The trial judge found that Multiplex and Fugen were equally liable in negligence for Irving’s injuries. However, an indemnity was granted in favour of Multiplex from Fugen, pursuant to the contract.

Fugen then sought an indemnity under the relevant policy from its workers compensation insurer, Royal & Sun Alliance. The insurer acknowledged that it was liable for 50% of Fugen’s total exposure (being the 50% which arose due to Fugen’s negligence), but argued that it did not have to indemnify Fugen for the other 50%, which only arose because Fugen had given Multiplex an indemnity under the contract.

The Court of Appeal stated that Nigel Watts has been correctly decided. A close analysis of the wording of the statutory workers compensation policy showed that it did not provide cover in respect of liability for breach of contract, but it does provide cover in respect of liability for common law negligence. The Court of Appeal said that the workers compensation insurer should not be liable for any more than the damages set out in that Act; if the workers compensation insurer had to honour a contractual indemnity, then it would indeed end up paying a great deal more than its exposure under the Act.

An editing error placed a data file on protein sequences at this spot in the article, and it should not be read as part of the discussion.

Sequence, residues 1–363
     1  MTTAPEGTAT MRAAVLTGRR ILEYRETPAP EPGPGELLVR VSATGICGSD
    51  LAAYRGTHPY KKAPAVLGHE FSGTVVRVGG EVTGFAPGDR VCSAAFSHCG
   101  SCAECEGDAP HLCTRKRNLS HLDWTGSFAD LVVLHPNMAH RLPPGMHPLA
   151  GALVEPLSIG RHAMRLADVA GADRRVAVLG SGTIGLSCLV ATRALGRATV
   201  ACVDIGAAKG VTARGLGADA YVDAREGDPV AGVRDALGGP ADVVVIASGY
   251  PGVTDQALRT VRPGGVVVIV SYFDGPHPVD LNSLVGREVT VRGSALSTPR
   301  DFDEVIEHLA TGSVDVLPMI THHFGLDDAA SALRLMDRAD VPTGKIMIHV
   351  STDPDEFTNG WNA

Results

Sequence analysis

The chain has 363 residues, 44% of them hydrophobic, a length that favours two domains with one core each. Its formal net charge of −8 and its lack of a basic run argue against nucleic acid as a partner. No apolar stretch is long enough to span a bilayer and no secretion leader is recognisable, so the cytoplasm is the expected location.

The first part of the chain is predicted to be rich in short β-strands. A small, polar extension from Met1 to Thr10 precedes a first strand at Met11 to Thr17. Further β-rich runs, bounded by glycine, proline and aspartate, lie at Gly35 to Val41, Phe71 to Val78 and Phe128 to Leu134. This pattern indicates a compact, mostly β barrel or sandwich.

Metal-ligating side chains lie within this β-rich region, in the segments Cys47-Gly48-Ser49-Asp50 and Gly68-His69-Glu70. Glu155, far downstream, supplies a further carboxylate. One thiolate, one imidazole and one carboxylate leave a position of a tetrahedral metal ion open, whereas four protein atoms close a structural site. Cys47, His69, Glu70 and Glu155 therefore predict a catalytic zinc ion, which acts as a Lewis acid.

To the extent that Irving only reinforces the decision in Nigel Watts it could be argued that the latest decision holds little significance.

To an extent, that is correct. Nevertheless, as mentioned earlier, this review of Nigel Watts by the Court of Appeal had been keenly awaited, and the decision is likely to reinforce WorkCover’s practice of declining indemnity to an employer where the claim is not only in negligence, but also in contract.

The real lesson from both Nigel Watts and Irving is to stress yet again how careful all companies should be when entering contracts. In many cases, the officer charged with contract administration does not give sufficient consideration to insurance implications, and yet there are grave dangers that a contractual indemnity will not be covered by any policy at all.

Many public liability policies (which come into force when the injured person is not an employee of the company holding the policy) will not cover contractual assumptions of risk. In other words, if the company takes on, by way of contract, a liability it would not otherwise have had, then its public liability policy will probably not respond to the claim. But if the injured person was an employee, then Nigel Watts and Irving say that the presence of an indemnity clause in a contract means that the insured will end up not only needing its own solicitor to handle the whole claim, but will also have to fund the contractual liability itself .

In short, unless they are very careful, companies which give any contractual indemnity to another company may well find themselves funding that liability from their own pocket, without the backing of any insurer. Great care is required when entering contracts.